St James Workhouse

The St James Workhouse opened in 1725 on Poland Street in the Soho area of London, England, in what was then the parish of Westminster St James, and continued well into the nineteenth century.[1]

An illustration of the workhouse in the St James parish in Microcosm of London, Volume 3

Higginbotham conjectured that the infirmary at St James Workhouse was the one referred to in the American song "St. James Infirmary Blues", on the basis that that song dates from 'at least the early 19th century'.[1]

Inhabitants included the painter Charlotte Mercier, who died there in 1762.[2]

The site of the workhouse is now the Q Park parking garage occupying the space between Poland Street and Marshall Street.[3]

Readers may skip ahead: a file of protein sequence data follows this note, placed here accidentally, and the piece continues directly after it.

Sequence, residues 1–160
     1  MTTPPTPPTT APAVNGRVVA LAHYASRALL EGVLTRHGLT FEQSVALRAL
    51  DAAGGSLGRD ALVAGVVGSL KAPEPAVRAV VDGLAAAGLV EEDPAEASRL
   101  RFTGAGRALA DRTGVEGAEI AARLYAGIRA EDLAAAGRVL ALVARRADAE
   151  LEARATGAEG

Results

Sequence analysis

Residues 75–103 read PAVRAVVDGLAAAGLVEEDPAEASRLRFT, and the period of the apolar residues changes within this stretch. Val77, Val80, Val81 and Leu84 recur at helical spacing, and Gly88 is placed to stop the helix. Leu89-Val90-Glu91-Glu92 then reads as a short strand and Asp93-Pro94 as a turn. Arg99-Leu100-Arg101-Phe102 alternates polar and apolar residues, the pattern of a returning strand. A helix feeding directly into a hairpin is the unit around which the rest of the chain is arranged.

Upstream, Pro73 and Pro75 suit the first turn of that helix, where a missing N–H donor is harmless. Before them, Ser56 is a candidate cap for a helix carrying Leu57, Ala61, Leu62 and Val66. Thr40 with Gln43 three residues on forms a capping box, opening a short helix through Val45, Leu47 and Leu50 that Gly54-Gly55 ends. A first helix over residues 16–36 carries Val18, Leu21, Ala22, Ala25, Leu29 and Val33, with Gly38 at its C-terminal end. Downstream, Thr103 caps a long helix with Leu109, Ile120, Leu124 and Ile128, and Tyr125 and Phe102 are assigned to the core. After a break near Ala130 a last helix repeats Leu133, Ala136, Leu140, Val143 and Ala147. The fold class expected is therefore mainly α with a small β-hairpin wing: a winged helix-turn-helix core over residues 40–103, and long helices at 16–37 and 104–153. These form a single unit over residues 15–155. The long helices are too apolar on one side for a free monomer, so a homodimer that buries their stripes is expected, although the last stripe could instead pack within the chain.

1. ^ a b Peter Higginbotham. "The Workhouse in Westminster (St James), London: Middlesex". Retrieved 8 September 2013.
  2. ^ Profile of Claude Mercier in the Dictionary of Pastellists Before 1800.
  3. ^ 'The burial ground and workhouse', Survey of London: volumes 31 and 32: St James Westminster, Part 2 (1963), pp. 209-218. URL: Date accessed: 1 October 2014.

Coordinates: 51°30′51″N 0°08′15″W / 51.5141°N 0.1374°W / 51.5141; -0.1374